A quick search just led me to the John F. Kennedy Berlin school. It looks to be structured somewhat like Salem, where S goes. This is what it reads... And it looks to be tuition free... I'd contact them ASAP. I've included a snipit from their website and link below...

As far as your son's german language skills. I'm so happy to hear that he's doing so well. Here's where I use my middle son as an example. V graduated with distinguished honors from his american HS. Academic teams, blah, blah. Top 20%. Graduated with 15 hours of AP classes. Somehow, we missed Latin 2. So he was unable to immediately enter a german university over here. They made a compromise and he went to language school then to Studiekollege in Konstanz which he started this week. So, now, he's in a "college setting" and has taken the German language requirement asked of him by the government. He is at a B1 level and started taking B2a until Studiekollege started.

Thank the lord this program still offers a German class structured into their curriculum. He speaks beautifully and had done amazing in the time frame in which he had to learn. But there's something to be said for learning the language then entering an education system taught in that language. It goes fast. It goes hard. Every day he's picking up new words, There's things being said he's committing to memory to look up later. Unless you can get up to at least a C1 language level, it will be hard for him. And when he gets here, it will be different. Being in an environment in which the newly learnt language is the only thing spoken, it is miles from learning otherwise. I'm not trying to dishearten you at all; I'm just trying to prepare you. S (younger one) has had a much easier time learning german at a slower pace and being taught his subjects in English at his school. But make no mistake, IB's are hard. It's like the last two years and all you take is AP classes essentially. It's not as easy as an american HS diploma. I'm researching now and have read that in American, if he chooses to go back for college, looks at an IB as a diploma and first year of pre-reqs. Education is serious over here and I really appreciate it. They have this on lock over here.

I absolutely get you not wanting him to be "useless" for a year. That's how I was with my middle one who went to language school and not directly into a university. After he's done with Studiekollege, we've got an English taught bachelor's program we're looking hard at... If it were me, I'd look at this JFK School and talk to them. I'd say that's your best chance at keeping him where you want him - moving forward. If y'all were given wrong dates and have missed the test to enter gymnasium, an international HS could be your only option to keep that forward momentum. If that school isn't an option or is full or something, I'm betting they will be a good resource for other options.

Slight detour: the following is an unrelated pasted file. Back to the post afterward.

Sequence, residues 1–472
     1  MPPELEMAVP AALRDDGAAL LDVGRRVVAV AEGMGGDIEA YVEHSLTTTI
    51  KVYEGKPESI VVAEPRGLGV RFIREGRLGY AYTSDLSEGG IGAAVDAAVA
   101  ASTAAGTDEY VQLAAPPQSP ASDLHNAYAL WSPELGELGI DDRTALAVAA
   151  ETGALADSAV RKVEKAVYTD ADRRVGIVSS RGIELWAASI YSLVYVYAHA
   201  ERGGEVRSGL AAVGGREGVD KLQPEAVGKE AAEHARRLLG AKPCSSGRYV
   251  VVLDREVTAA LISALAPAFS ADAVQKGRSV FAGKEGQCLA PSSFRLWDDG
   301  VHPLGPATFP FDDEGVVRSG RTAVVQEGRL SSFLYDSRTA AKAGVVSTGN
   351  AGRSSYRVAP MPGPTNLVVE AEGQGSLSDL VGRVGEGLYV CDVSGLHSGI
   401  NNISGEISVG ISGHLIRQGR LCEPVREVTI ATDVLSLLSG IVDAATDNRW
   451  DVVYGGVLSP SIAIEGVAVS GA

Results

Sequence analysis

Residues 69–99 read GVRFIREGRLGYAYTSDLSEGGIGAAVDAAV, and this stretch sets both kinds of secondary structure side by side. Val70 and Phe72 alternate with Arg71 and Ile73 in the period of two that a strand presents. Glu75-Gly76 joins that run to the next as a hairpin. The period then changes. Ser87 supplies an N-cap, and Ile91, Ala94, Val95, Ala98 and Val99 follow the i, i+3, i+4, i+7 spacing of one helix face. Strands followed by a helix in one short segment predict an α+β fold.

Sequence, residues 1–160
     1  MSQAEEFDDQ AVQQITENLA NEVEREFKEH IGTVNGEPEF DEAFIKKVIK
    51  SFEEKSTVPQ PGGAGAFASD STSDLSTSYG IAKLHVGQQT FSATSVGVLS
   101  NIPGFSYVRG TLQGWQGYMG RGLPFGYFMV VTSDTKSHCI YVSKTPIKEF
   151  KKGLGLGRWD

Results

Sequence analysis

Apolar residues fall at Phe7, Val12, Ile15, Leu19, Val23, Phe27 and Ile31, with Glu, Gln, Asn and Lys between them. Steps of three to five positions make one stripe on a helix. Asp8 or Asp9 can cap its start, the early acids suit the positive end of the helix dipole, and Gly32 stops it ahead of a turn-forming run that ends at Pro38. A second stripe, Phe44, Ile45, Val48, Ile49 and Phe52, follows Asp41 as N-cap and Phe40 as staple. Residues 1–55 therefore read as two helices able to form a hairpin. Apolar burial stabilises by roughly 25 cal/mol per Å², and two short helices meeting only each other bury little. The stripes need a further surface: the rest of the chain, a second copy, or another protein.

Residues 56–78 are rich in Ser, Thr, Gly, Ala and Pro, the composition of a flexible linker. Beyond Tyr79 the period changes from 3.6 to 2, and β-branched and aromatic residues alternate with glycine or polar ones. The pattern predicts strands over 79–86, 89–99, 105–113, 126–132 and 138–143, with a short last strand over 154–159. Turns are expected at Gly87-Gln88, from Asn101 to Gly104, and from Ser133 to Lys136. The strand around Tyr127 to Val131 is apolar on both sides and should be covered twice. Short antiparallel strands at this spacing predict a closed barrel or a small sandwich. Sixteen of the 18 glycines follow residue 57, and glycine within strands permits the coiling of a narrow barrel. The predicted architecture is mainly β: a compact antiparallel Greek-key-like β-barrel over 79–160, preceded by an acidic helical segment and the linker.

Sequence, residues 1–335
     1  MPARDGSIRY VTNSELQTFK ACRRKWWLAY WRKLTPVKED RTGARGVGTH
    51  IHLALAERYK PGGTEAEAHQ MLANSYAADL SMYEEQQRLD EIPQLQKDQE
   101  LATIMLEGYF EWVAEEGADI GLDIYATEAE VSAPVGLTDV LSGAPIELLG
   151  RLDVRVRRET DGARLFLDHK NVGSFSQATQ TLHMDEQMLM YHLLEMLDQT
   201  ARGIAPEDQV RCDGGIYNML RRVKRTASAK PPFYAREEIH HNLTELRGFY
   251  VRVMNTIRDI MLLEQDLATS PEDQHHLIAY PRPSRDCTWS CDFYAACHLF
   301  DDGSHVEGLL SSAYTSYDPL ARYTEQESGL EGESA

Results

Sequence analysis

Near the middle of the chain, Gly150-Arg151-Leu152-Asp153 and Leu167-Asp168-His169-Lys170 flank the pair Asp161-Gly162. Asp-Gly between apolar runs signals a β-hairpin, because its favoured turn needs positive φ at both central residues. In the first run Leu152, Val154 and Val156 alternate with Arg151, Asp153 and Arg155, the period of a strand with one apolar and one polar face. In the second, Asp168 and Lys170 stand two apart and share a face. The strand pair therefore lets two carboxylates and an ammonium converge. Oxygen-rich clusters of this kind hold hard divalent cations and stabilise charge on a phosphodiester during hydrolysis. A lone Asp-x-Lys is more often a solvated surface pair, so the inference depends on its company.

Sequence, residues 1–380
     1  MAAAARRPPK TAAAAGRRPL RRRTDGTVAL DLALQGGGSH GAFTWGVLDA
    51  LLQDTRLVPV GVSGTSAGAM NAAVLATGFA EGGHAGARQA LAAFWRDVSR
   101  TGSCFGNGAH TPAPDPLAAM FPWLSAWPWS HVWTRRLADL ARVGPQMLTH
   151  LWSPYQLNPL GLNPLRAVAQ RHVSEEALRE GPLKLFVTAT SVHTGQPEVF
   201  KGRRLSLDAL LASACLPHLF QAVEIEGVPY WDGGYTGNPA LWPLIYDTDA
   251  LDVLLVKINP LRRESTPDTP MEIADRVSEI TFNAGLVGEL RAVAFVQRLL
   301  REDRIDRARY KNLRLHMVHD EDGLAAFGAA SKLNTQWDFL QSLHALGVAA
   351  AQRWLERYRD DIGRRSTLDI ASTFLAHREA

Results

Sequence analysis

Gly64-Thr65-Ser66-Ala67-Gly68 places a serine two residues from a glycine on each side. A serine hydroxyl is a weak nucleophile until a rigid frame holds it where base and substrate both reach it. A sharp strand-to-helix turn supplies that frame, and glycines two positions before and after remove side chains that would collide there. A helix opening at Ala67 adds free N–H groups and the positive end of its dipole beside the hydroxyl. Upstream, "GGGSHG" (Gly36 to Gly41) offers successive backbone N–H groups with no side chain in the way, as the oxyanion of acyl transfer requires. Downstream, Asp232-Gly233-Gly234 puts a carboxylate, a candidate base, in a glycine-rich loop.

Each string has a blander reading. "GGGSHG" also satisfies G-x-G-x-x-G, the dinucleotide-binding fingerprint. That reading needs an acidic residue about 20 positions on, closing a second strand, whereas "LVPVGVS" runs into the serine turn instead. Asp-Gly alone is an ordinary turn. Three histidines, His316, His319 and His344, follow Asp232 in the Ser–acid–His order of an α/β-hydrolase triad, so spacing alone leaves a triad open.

This is the snipit from the school and link... Good luck and keep me posted about what you end up doing!

"The John F. Kennedy School is a bilingual, bicultural German-American tuition-free public school. It offers an integrated elementary and high school program that combines the strengths of both the German and American educational traditions. Acknowledging and appreciating cultural diversity, the John F. Kennedy School serves German- and English-speaking students of all nations for the purpose of developing international understanding. The languages of instruction, German and English, are equally respected. Within this framework the educational program incorporates the essentials of the German and American school curricula.

Upholding high academic standards of both educational systems, the JFKS gives students an opportunity to learn through different modes and strategies. Promoting learning as a continuous lifetime process, the balanced curriculum supports student growth in all areas, including the fine arts, humanities, languages, sciences, mathematics, and sport. The school trips are an important part of formal education and they supplement instruction by providing direct observation and experience, thereby creating new ways for students to deepen their understanding of what they have already learned and acquire new knowledge.

In guiding students to understand themselves and the world around them, the JFKS fosters independent inquiry, critical thinking, open-mindedness and service to others. The curriculum and learning strategies encourage the development of responsible, democratic citizens. At all times the dignity of the individual student and teacher is paramount."

Exactly. He didn’t register for it on time. Now he will lose another year—he took one year to learn the language, and now will need to take another. Do you understand now? I’m teyinh to be as clear as possible.

Ahhh I get it now. I’m going to defer to what Tom and Beppi said. Y’all are already entwined in the German system. I don’t know enough about it to speak to it. We had to to the int’l hs because of the lack of German. Seems there are other ways to the arbitur as they mentioned above... you might could still call the JFK school and get another opinion.

Sorry. The whole comparison to the US system threw me off! lol. I probably shouldn’t respond to posts when I’m headed out the door... 😬

Good luck!